Last but not least is the front terrace or covered patio. Aside from all the primary rooms in the house, the terrace is one of the most essential and used spaces in a Filipino home.

    It provides additional living, snacking, and dining space, as well as the potential for future house expansion.

    As a country with excellent summer weather all year round, the terrace is the best hangout space for families to enjoy coffee and snacks, and the perfect place to have friendly chats with neighbors (which we call "chismisan"). Additionally, during the holiday season, it is also where the most expensive Christmas decorations are displayed.

    What makes an Interior Design Style Filipino?

    an open layout of dining and living room showing wooden finishesImage via ArchDaily

    As an architect in the Philippines and a home designer in other parts of the world, I find Filipino interior design uniquely tropical. Our homes represent the sun's brightness and our forests' vibrancy.

    It is as fresh as the morning sky and as relaxing as the sound of the beach. I always imagine a perfect Filipino house to be organic regarding finishes, flowy and open layout, and a soft and comfy interior vibe.

    Some designers who want to adopt modern and Western styles in Filipino houses may not agree with me, but we already have everything in our country, including our colorful culture and environment.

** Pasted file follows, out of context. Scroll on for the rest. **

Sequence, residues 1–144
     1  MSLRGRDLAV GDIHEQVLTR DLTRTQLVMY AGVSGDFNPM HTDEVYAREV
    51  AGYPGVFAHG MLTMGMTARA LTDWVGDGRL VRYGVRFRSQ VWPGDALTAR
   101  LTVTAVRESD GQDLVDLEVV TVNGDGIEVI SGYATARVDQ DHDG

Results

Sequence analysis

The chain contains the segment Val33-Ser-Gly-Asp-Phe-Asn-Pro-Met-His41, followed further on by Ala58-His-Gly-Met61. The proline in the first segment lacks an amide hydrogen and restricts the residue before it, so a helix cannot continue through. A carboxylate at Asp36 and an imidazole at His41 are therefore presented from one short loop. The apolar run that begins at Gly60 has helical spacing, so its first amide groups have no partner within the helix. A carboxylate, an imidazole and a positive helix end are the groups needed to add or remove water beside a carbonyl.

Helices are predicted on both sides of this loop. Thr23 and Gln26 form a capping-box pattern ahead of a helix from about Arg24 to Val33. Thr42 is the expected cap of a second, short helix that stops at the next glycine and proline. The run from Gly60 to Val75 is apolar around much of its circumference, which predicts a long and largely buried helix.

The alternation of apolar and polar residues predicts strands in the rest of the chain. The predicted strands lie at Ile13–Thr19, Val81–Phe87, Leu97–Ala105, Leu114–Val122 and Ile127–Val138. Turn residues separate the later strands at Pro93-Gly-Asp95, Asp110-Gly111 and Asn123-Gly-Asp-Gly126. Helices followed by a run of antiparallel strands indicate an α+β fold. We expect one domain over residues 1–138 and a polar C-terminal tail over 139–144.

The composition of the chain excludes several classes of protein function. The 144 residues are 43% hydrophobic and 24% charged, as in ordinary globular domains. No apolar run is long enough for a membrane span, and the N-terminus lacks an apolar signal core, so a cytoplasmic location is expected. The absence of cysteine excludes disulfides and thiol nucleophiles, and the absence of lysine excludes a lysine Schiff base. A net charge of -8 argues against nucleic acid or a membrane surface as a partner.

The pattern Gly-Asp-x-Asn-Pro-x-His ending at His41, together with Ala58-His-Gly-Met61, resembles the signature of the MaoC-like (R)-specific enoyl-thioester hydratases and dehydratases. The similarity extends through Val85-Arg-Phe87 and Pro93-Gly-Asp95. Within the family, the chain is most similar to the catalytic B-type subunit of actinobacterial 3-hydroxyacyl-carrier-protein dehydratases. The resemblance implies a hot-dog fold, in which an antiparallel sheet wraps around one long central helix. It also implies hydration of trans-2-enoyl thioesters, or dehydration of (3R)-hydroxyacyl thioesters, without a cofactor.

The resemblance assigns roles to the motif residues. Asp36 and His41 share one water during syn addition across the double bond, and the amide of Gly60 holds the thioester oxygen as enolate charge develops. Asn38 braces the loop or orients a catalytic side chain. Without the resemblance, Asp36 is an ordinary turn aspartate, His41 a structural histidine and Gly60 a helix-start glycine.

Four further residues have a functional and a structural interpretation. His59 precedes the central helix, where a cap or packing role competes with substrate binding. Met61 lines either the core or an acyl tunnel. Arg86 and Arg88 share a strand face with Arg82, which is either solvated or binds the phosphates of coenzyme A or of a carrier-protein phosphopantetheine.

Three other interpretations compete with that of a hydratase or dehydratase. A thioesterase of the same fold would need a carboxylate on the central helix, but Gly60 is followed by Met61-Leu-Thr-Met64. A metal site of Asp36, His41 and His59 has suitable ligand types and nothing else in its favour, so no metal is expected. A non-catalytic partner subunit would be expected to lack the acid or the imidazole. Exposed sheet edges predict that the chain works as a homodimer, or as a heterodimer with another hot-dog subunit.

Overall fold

We simply need to embrace what already exists and utilize it to create something beautiful, meaningful, and truly Filipino. For instance, I recently completed a space design project for a dining area, showcasing my interpretation and definition of Filipino interior design style.

    The objective is to create a Filipino dining area that embodies the quintessential Filipino interior design style by incorporating the elements mentioned in this blog.

    Filipino style dining area showing pictures frames on wall, terra cota dining table and wooden chairs

    Filipino style dining area showing pictures frames on wall, terra cota dining table and wooden chairs


    Filipino Style Dining Room

    Filipino Style Dining Room

    Thanks for checking out my blog. I'm here to share over fifteen years of design expertise (mainly interior design) through reviews, tips, inspiration, and DIY projects.

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    Together, let's create meaningful and beautiful spaces.